Some simple constellations


Tom Burns - Stargazing



Over the past few weeks, we have been discussing the history and meaning of the brightest and most beautiful stars of winter. Such discussion seems terribly old fashioned, but I make no apology for caring so much about those stars. Here’s why.

A trip to the stars is a trip into the past, when powerful men and women slew monstrous beasts and lived their lives among the gods. For 10 millennia or more, humans have looked up at the nighttime sky and associated certain stars with mythic heroes. Their names and stories have survived long after people stopped believing in the gods who put them there.

Even through the last years of the Common Era’s second millennium, the average person knew something of these ancient star grouping.

Sadly, the growth of outside lighting and our preoccupation with the rigors of a technological society have caused the stars to fade a bit from our memories in the last few decades. As the stars disappear from view, so also does one of our most important connections to our ancient past.

However, a few constellations still shine brightly through the glow of streetlights. A chance still exists to pass the knowledge of the old constellations to the denizens of our future. All that it takes is to turn away from your screen, get off your gluteals, and go outside.

Most people can still identify the bright constellation Orion, the Hunter. You can start with the Hunter when you are learning the constellations and slowly expand your knowledge to nearby star groupings.

Right now, Orion shines brightly in the south about half way up from the horizon to the top of the sky. Look first for the three bright stars in a close line that form his belt.

Above the belt are Orion’s shoulders. The star on the left is Betelgeuse, an old, red star. Below the belt are the stars of Orion’s feet. On the right is Rigel, a young, blue-white star.

Truly devoted hunters have hunting dogs. Orion’s dog is Canis Major. Use the stars in Orion’s belt as pointers down and to the left to find him. The brightest star in Canis Major, which represents the dog’s head, has been for millennia referred to as the “Dog Star” because of its preeminent position in the constellation.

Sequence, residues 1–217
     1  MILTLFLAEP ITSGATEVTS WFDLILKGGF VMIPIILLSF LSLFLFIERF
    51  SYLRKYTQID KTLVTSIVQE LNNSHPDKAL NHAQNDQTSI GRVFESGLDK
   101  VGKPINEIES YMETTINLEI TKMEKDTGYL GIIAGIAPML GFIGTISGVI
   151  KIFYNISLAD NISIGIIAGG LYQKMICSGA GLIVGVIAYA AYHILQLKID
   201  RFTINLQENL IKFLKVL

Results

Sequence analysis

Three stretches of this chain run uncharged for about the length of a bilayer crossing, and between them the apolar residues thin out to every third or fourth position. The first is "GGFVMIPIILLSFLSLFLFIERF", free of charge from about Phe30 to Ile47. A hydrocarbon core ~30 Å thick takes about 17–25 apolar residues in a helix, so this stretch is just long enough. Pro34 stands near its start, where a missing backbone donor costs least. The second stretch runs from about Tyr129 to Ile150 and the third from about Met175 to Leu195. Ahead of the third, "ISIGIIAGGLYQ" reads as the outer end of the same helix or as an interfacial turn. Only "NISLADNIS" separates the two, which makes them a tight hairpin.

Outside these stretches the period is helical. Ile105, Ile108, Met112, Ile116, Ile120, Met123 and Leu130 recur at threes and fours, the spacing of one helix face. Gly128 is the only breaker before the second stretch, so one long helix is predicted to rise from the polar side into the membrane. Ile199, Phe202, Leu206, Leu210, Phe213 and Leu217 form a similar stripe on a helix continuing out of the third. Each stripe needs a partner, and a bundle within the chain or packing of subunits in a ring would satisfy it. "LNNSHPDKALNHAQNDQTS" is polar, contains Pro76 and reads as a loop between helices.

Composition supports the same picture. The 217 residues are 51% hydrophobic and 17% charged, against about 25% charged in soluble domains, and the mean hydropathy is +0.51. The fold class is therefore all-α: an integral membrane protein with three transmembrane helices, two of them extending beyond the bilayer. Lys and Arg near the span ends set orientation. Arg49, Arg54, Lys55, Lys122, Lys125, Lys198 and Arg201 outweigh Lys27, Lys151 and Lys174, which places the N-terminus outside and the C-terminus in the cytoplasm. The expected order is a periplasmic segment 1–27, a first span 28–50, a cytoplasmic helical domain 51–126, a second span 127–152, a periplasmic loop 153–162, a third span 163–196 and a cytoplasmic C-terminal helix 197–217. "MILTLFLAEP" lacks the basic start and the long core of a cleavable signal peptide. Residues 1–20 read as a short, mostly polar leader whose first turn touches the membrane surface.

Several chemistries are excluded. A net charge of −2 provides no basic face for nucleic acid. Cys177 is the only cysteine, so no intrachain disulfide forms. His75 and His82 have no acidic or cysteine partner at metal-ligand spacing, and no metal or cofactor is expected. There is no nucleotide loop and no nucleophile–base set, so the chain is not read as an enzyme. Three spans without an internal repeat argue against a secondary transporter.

It is also the brightest star in the nighttime sky. Its name, Sirius, means “the scorching one,” and if you have ever seen it twinkling fiercely on the southeastern horizon, you will understand why.

Like all serious hunters, Orion has an emergency backup dog called Sparky. No, wait. Make that Canis Minor. Use the stars of Orion’s shoulder to point to the left to find Canis Minor’s brightest star, called Procyon, which literally means “before the dog.”

Great hunters battle mighty beasts. Next, use the stars of Orion’s belt to point up and to the right until you see a V-shaped collection of stars called the Hyades. You’ve found the head of the constellation Taurus, the Bull. The brightest star of the V is the bull’s red, bloodshot eye, Aldebaran.

Many of the stars in the Hyades are brothers and sisters. Together they form a star cluster, a group of younger stars held together by the loose bonds of gravity. Check out the area in binoculars to see even more stars.

Don’t stop there. Farther up and to the left is the tiny dipper-shaped collection of stars called the Pleiades, or “Seven Sisters.” In binoculars, the cluster will explode into dozens of stars.

So go outside, and take the ones you love. As the second millennium slowly erodes into the third, we must realize that a single generation ignorant of these of constellations may cause that old, old tradition to be lost forever.

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Tom Burns

Stargazing

Tom Burns is director of the Perkins Observatory in Delaware.

Tom Burns is director of the Perkins Observatory in Delaware.